EFSA assessed the impact of time and temperature on the growth of spoilage bacteria in fresh beef, pork, lamb and poultry. Its experts used predictive models to compare the growth of spoilage bacteria with the growth of disease-causing (pathogenic) bacteria and concluded that spoilage bacteria grow faster under the same conditions.
EFSA had previously advised on the implications for meat safety if these two parameters – time and temperature – varied and provided several scenarios for ensuring safety of meat during storage and transport of meat. The Commission subsequently asked EFSA to consider what implications such scenarios would have for the growth of bacteria that cause meat to spoil.
“If the sole consideration was safety, policy makers would have more options on the table to pick from. However, scenarios that are acceptable in terms of safety may not be acceptable in terms of quality,” said Dr. Marta Hugas, Head of EFSA’s Biological Hazards and Contaminants unit.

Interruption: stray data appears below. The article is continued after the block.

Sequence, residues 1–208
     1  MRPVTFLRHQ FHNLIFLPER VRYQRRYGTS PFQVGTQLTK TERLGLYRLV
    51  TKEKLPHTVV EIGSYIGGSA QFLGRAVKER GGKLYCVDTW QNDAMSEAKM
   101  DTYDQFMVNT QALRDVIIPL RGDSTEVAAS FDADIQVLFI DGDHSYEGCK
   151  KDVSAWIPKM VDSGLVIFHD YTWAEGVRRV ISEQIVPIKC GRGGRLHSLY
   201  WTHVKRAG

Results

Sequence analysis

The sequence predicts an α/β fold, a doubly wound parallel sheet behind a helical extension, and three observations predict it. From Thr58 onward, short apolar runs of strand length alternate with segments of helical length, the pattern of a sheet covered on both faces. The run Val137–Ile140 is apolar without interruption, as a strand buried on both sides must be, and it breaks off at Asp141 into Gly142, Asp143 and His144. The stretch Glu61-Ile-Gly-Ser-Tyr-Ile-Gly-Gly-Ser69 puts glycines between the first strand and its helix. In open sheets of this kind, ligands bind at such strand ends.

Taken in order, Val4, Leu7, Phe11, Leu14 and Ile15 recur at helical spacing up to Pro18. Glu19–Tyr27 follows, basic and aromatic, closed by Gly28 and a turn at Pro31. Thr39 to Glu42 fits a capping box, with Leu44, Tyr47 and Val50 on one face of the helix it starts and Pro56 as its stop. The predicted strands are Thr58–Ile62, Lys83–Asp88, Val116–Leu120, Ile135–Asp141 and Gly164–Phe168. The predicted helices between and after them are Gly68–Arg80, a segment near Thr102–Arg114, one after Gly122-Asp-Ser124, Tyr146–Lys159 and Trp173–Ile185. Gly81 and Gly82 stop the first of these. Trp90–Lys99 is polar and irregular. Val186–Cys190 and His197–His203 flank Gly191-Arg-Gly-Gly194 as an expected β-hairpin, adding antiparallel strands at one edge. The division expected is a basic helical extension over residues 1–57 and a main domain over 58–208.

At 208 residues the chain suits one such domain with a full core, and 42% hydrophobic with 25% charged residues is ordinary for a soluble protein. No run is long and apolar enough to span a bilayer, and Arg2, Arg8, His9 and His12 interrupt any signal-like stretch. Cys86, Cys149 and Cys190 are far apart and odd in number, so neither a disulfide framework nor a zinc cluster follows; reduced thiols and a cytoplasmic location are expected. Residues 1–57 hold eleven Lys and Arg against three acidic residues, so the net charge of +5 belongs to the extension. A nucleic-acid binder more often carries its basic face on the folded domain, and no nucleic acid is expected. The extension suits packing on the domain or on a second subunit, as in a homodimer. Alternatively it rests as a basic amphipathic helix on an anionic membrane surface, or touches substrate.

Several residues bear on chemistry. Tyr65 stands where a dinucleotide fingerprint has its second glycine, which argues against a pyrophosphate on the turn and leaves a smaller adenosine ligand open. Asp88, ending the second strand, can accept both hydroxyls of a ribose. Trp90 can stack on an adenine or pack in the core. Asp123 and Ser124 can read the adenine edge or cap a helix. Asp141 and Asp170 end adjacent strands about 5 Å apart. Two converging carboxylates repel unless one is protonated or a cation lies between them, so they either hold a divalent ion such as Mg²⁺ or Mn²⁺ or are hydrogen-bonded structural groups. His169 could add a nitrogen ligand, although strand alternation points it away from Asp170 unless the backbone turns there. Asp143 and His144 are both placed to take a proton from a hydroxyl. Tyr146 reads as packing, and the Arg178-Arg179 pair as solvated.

Current legislation requires that carcasses are chilled to no more than 7C and that this temperature is maintained until mincing. The European Commission wants to revise this legislation to provide industry with more flexibility and asked EFSA’s scientific advice on safety and quality aspects.
Experts also said that effective hygienic measures during slaughter and processing help control contamination with spoilage bacteria.
Previous scientific work
- Scientific Opinion on the public health risks related to the maintenance of the cold chain during storage and transport of meat. Part 1 (meat of domestic ungulates)
- Scientific Opinion on the public health risks related to the maintenance of the cold chain during storage and transport of meat. Part 2 (minced meat from all species)